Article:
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China no threat to Indian IT: Infosys

Last updated on: June 16, 2014 15:00 IST

China’s burgeoning IT industry is not a threat to the Indian software industry yet, but it is well entrenched in the domestic market to make the Indian majors sweat to gain entry, says a top Indian IT official.  

"Our $ 100 billion software industry is under no threat from China," says Rangarajan Vellamore, CEO of Infosys, China.  

The Chinese IT is no threat in overall terms because it is not yet investing big in the US where Indian software firms are well entrenched, Rangarajan, who has been working in the Chinese market for the past seven years, told PTI in an interview, providing a broad view about the status of the Chinese software industry.             

Chinese IT companies are not investing in the US as they are unable to understand the nuances of the market penetration and has given up their efforts making it secure for the Indian firms at least as of now, Rangarajan said.   

The exchange rate also made difference. Costs have gone up due to appreciation of RMB against dollar compared to few years ago, he said. The RMB appreciated over 25 per cent in the last few years over dollar. 

Instead the Chinese IT firms focussed more on the local markets where they are well entrenched.            

Also the current US-China internet war further complicated the situation for American companies to view China as preferred offshore destination, he said.  

Rangarajan also said that the size of the Chinese IT market is far smaller compared to the US markets and profit percentages are not high which is why the Indian IT firms pay not so high interest.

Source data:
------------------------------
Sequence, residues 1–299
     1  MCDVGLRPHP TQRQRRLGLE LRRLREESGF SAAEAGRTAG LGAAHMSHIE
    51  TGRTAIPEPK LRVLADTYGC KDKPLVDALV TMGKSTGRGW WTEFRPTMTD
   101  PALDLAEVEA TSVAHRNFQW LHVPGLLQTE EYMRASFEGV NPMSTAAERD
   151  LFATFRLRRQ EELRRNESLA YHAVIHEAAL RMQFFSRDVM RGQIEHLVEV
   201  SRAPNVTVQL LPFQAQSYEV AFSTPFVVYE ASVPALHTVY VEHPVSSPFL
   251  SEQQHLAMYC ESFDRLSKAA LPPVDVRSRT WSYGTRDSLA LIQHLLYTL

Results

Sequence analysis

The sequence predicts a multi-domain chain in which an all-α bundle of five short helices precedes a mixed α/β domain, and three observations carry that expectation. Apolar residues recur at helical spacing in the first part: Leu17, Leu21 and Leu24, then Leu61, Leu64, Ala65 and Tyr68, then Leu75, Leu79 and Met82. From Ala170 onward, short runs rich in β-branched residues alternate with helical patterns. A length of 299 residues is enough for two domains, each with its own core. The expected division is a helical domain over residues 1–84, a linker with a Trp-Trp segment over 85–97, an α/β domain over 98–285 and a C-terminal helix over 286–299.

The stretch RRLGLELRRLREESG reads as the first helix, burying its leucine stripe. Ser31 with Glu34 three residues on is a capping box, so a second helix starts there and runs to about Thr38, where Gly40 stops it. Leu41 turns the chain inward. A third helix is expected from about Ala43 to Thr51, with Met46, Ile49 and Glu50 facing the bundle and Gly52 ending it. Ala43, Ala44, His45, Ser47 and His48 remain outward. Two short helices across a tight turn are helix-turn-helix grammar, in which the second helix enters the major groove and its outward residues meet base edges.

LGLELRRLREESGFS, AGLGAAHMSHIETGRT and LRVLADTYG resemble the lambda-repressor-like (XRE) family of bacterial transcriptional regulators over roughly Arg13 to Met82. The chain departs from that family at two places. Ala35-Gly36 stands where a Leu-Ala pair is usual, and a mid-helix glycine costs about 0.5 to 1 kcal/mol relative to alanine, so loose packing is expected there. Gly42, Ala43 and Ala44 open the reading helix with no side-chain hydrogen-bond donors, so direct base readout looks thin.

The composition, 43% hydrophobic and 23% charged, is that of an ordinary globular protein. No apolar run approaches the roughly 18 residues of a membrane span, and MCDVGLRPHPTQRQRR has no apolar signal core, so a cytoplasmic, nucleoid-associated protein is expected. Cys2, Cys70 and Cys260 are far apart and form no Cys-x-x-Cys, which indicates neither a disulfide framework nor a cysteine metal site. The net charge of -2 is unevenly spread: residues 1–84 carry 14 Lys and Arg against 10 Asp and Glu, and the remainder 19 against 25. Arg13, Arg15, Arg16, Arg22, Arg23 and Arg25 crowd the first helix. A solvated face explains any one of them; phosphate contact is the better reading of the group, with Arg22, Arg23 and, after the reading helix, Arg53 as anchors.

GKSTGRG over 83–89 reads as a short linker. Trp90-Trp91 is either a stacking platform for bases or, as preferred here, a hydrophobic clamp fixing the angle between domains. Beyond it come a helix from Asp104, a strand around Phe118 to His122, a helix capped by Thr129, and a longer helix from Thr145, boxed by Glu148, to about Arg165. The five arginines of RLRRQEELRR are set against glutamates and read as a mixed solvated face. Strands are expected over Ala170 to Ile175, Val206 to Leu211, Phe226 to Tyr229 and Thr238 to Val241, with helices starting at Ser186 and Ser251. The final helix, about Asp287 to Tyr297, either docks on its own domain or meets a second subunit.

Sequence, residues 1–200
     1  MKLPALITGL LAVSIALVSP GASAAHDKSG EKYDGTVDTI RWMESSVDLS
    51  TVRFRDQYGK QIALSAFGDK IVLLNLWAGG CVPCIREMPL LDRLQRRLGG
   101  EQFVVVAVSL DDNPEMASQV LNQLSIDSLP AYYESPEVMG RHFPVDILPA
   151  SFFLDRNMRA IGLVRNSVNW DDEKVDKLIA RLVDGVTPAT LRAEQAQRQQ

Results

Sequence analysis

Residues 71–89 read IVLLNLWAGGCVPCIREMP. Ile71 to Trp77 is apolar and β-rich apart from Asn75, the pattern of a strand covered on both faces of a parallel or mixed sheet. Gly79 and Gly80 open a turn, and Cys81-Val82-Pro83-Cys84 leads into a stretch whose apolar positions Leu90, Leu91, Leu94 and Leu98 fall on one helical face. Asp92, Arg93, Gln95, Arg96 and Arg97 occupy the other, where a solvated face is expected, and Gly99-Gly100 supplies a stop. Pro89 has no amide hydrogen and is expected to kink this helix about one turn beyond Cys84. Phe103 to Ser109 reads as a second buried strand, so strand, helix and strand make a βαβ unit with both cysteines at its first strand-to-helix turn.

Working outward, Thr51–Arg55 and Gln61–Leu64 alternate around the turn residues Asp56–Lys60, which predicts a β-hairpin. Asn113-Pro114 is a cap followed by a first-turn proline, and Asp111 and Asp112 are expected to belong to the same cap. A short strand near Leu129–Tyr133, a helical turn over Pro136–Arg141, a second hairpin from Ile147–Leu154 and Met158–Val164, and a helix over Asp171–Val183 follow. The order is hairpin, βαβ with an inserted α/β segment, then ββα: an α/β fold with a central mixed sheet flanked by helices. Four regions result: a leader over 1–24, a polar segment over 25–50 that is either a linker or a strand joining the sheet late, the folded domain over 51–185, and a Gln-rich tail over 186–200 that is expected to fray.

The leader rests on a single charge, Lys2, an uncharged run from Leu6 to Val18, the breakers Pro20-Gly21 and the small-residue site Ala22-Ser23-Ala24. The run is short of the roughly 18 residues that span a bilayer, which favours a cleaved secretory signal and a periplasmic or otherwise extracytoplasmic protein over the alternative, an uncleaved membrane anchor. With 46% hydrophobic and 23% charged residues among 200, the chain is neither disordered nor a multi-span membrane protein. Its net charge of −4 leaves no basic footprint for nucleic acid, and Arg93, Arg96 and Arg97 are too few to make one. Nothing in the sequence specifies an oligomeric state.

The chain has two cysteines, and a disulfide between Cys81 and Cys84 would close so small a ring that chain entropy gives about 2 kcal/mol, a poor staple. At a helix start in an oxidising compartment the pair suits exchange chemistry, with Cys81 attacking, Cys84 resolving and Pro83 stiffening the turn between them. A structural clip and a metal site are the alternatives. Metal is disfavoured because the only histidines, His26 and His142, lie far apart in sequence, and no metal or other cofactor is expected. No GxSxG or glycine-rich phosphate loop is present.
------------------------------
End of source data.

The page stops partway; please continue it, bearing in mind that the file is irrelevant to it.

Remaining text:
"If you look at the Chinese IT industry per se overall addressable market spending is about $150 billion on the IT space. It is about $14 billion per annum is the addressable space" which is not big for Indian firms, he said.  

"From an Indian company’s perspective it is not big market anyway" because the addressable market size of US market is about $600 billion and the Indian companies reaped more benefits there as they expanded on hardware, he said.  

"In terms of purchasing power parity, US will have a revenue productivity of two and half times compared to China. 

There itself it is very high. It translates the market size by less than two and half times," he said.  

But at the same time, the Chinese market is growing at a rate of 16 per cent which is a faster pace, Rangarajan said. 

"I strongly believe that though the size in the market may sound small. But based on my experience, it is a very critical market for innovation and future potential.  

"Hence it is essential that Indian IT giants focus and invest early," he said.            

He added: "The spending is increasing and there are lot of transformation opportunities. The addressable spend is more there than the maintenance and support of systems."   

Rangarajan also has significant observations about why Indian firms, despite persistent campaigns by the Indian government and the companies struggling to make an entry into the Chinese markets.            

"The knowledge base of the Indian companies is strong but the customer base of the Chinese companies is very strong in China. The question is how to penetrate the Chinese IT markets which are not enamoured by the big names of India firms," he said.            

In its eagerness to address the $35 billion trade deficit, India has been insisting China to open its IT markets more to Indian IT firms and the new government is expected to press Beijing further on this.            

Chinese officials for their part say that there were no built in barriers but the Indian firms has to compete in the local markets.            

"There are some unwritten barriers in penetrating SOEs and Government projects. However, there is a lot more can be done before hitting those barriers," Rangarajan said.            

All most all top brands of Indian IT firms are present in China but they mostly service the multinational firms.            

"Market entry strategy is about positioning as an alternative to Global IT providers which are well entrenched in Chinese markets," he said.           

"We have to build case examples. Records elsewhere do not hold good in China. You have to start step by step with required investment and persistent campaign to demonstrate we can do better," he said.            

Infosys China itself is experimenting with various models with some success.

 

KJM Varma
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